Grilled Thai style rib-eye with a chilli and tamarind dipping sauce

The marbling fat so typical of intensely flavoured grass-fed rib-eye steak is perfectly married with the sweet, tart and spicy tamarind sauce. Grilled on the BBQ, this Thai style recipe from AngloThai chef John Chantarasak is a true explosion of flavour.

4

RIB-EYE:

  • 500g bone-in aged Irish beef rib-eye
  • 3 tbsp. fish sauce
  • 1 tsp. white sugar

DIPPING SAUCE:

  • 2 tbsp. palm sugar
  • 1 tbsp. water
  • 2 tbsp. tamarind concentrate
  • 2 tbsp. fish sauce
  • 1 tsp. chilli flakes toasted briefly in a pan
  • Squeeze of lime juice
  • 1 tbsp. coriander leaf and stem roughly chopped

TO SERVE:

  • Steamed sticky rice
  • Raw crisp vegetables (iceberg lettuce, radishes, cucumber)
  • Fresh herb sprigs (coriander, dill, mint)

RIB-EYE:

  • 500g bone-in aged Irish beef rib-eye
  • 3 tbsp. fish sauce
  • 1 tsp. white sugar

DIPPING SAUCE:

  • 2 tbsp. palm sugar
  • 1 tbsp. water
  • 2 tbsp. tamarind concentrate
  • 2 tbsp. fish sauce
  • 1 tsp. chilli flakes toasted briefly in a pan
  • Squeeze of lime juice
  • 1 tbsp. coriander leaf and stem roughly chopped

TO SERVE:

  • Steamed sticky rice
  • Raw crisp vegetables (iceberg lettuce, radishes, cucumber)
  • Fresh herb sprigs (coriander, dill, mint)

STEP 1

Make the dipping sauce by dissolving the palm sugar with the water, then add the tamarind concentrate, fish sauce and toasted chilli flakes. Finish with a squeeze of lime juice and stir through the chopped coriander. It should taste sweet, tart and spicy.

STEP 2

Combine the fish sauce and white sugar and transfer to a wide bowl. Add the aged Irish beef rib-eye and liberally roll in the fish sauce.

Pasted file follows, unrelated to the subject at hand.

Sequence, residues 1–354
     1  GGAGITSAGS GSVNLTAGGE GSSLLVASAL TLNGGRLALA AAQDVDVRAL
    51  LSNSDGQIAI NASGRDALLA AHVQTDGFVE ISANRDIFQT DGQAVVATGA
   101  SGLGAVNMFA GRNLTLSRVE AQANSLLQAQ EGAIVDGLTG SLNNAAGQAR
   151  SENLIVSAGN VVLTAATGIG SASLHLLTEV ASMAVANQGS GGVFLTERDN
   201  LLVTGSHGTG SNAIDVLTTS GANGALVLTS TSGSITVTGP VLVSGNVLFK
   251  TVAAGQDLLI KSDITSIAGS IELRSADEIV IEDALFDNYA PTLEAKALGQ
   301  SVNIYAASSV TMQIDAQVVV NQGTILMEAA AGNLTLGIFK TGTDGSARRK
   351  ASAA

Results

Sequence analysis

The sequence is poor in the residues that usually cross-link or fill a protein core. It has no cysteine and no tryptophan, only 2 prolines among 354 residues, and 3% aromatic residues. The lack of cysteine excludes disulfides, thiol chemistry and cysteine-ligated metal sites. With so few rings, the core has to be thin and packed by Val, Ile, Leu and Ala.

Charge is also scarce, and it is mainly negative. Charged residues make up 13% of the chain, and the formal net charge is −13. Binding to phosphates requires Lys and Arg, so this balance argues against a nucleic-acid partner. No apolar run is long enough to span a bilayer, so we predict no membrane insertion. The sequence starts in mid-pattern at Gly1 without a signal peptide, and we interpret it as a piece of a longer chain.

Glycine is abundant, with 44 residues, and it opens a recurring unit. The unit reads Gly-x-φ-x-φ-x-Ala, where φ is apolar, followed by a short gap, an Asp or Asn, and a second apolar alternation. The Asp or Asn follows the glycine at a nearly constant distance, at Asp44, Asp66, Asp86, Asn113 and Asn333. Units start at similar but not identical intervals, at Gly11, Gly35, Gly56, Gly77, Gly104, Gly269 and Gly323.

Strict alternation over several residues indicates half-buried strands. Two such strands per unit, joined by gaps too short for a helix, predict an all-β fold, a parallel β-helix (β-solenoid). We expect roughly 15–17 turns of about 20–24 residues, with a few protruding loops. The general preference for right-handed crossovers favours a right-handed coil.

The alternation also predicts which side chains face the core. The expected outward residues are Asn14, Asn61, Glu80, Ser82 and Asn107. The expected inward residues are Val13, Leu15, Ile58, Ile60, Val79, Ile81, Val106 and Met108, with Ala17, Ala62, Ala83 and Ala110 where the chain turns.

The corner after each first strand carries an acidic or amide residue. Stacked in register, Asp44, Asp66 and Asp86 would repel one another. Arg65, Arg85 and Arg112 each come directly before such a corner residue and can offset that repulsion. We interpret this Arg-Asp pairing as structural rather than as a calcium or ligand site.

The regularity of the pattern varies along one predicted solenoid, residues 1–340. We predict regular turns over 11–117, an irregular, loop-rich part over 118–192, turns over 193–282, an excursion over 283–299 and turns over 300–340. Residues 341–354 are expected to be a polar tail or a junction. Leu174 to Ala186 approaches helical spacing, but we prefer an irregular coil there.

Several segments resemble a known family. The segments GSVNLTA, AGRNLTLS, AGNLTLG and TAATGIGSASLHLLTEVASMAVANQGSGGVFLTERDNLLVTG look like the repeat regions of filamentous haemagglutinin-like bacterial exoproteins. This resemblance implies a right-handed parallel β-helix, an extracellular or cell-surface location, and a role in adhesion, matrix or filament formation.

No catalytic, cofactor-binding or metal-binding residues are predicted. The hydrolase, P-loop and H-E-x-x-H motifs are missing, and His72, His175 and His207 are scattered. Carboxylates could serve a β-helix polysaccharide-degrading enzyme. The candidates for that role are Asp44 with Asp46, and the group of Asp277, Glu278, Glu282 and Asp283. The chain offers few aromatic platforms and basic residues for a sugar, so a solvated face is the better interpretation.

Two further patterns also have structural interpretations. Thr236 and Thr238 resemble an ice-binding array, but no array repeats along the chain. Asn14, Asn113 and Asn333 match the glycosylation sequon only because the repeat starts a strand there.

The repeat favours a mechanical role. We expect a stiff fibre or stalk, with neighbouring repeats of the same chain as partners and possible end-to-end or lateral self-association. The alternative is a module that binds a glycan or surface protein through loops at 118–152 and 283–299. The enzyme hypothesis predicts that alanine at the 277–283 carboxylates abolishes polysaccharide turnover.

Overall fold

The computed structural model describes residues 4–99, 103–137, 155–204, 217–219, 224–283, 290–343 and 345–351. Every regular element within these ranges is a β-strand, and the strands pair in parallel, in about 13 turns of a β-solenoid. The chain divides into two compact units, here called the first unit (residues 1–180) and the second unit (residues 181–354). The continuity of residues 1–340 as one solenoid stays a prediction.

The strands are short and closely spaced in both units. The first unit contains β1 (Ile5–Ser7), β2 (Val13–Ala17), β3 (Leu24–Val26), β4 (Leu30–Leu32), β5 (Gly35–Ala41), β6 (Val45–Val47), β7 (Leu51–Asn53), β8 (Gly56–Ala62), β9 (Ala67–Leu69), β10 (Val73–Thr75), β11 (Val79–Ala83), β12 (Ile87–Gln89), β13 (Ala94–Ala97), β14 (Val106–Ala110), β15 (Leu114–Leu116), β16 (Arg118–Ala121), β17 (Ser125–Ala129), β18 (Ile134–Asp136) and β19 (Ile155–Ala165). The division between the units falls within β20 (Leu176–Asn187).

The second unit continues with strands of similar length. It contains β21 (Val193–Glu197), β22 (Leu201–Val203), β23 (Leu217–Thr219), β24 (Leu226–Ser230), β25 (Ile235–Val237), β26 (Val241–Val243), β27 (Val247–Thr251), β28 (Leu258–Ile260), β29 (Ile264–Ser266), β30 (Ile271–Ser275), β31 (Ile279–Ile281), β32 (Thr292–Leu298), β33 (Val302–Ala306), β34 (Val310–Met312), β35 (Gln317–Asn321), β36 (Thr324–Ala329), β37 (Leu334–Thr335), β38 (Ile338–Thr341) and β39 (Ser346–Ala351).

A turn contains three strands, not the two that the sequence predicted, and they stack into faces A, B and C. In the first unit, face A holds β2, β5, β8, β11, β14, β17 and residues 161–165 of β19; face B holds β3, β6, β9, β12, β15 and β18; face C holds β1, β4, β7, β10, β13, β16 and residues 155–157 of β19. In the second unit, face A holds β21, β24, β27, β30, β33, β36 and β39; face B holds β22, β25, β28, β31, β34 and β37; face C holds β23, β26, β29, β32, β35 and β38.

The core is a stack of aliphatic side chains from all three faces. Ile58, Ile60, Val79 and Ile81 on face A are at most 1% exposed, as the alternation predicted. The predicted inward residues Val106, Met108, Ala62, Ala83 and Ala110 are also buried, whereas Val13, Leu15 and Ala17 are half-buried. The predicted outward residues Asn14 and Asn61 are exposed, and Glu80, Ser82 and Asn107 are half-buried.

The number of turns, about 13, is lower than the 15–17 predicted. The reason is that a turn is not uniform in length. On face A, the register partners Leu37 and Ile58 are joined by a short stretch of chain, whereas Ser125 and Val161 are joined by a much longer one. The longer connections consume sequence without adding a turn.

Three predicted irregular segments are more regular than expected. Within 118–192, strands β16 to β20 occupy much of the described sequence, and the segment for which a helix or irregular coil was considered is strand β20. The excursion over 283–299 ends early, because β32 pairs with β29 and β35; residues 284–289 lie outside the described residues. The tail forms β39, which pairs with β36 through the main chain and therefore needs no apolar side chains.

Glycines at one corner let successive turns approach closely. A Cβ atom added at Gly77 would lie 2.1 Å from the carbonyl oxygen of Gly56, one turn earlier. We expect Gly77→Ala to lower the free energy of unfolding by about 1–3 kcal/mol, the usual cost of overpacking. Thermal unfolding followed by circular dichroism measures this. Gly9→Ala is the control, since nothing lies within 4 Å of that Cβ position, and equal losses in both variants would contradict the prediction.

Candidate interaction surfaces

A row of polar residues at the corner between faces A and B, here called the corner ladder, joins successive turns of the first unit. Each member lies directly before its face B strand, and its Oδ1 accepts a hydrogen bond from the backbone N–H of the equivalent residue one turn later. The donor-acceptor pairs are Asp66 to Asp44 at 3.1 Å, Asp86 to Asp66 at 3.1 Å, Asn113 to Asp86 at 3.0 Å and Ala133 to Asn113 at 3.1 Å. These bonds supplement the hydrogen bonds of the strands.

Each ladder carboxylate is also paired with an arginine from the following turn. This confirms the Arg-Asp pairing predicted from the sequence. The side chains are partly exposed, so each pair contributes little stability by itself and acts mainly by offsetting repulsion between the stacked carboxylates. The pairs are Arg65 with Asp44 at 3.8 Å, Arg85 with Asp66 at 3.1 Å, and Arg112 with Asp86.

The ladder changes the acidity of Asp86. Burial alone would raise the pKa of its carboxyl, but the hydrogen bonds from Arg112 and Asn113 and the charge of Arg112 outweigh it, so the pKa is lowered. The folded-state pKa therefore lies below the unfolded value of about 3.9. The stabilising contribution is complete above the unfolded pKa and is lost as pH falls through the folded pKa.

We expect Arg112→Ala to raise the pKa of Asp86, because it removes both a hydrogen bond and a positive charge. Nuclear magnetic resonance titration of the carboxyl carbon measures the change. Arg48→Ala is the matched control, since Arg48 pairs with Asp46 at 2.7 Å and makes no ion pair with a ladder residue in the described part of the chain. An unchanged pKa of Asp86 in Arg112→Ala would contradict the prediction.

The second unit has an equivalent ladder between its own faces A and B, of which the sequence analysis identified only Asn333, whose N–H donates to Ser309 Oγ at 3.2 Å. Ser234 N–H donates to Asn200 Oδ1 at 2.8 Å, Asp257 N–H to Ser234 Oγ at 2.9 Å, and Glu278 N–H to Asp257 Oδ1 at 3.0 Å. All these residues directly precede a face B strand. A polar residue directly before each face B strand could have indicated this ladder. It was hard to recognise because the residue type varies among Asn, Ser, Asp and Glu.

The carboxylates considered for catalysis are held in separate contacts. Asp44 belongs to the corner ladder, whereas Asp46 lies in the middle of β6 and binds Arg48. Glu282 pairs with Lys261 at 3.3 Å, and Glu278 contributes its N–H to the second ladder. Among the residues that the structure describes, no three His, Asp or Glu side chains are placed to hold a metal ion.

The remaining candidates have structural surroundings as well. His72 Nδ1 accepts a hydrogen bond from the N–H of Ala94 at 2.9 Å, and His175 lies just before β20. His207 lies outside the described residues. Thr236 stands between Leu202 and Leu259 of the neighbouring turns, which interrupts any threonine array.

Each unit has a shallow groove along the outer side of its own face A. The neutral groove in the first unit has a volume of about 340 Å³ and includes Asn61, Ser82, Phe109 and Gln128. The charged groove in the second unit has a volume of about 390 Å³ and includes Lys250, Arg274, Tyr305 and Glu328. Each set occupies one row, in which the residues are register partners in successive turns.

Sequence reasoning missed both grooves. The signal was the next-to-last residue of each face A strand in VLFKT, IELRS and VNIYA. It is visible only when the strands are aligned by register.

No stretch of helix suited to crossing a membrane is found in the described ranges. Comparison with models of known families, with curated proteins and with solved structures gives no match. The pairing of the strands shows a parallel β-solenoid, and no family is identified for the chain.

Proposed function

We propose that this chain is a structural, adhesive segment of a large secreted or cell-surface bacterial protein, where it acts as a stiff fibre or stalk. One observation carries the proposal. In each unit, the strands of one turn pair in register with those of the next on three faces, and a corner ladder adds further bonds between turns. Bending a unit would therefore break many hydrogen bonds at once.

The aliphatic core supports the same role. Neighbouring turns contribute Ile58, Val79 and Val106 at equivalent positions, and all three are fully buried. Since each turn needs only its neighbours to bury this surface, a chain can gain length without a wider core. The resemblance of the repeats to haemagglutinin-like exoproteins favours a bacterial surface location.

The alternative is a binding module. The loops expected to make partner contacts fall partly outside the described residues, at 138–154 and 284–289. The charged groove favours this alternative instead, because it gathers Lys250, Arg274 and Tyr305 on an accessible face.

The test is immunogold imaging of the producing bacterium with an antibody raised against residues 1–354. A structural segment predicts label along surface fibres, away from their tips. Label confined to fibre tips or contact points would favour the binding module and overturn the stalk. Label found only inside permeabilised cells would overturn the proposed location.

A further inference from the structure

STEP 3

Grill your steak over a medium-high heat. Leave the steak alone once on the grill, allow it to colour and develop a nice crust, this will likely take around 3 minutes depending on how hot your grill is. Flip and cook the other side for the same length of time. It’ll likely need longer, but now flip the steak regularly being sure not to burn it. To ensure a medium cook, use a temperature probe and check the internal core is 45-50 degrees before removing and resting the meat. The temperature will rise a few degrees as the rib-eye rests, you are looking to reach a temperature of 55 degrees.

STEP 4

Rest your steak for 10 minutes before slicing. When you slice, look for the grain of the meat and cut in the opposite direction, this will make the steak more tender and delicious.

Serve with the roasted chilli and tamarind dipping sauce.

 

STEP 1

Make the dipping sauce by dissolving the palm sugar with the water, then add the tamarind concentrate, fish sauce and toasted chilli flakes. Finish with a squeeze of lime juice and stir through the chopped coriander. It should taste sweet, tart and spicy.

STEP 2

Combine the fish sauce and white sugar and transfer to a wide bowl. Add the aged Irish beef rib-eye and liberally roll in the fish sauce.

STEP 3

Grill your steak over a medium-high heat. Leave the steak alone once on the grill, allow it to colour and develop a nice crust, this will likely take around 3 minutes depending on how hot your grill is. Flip and cook the other side for the same length of time. It’ll likely need longer, but now flip the steak regularly being sure not to burn it. To ensure a medium cook, use a temperature probe and check the internal core is 45-50 degrees before removing and resting the meat. The temperature will rise a few degrees as the rib-eye rests, you are looking to reach a temperature of 55 degrees.

STEP 4

Rest your steak for 10 minutes before slicing. When you slice, look for the grain of the meat and cut in the opposite direction, this will make the steak more tender and delicious.

Serve with the roasted chilli and tamarind dipping sauce.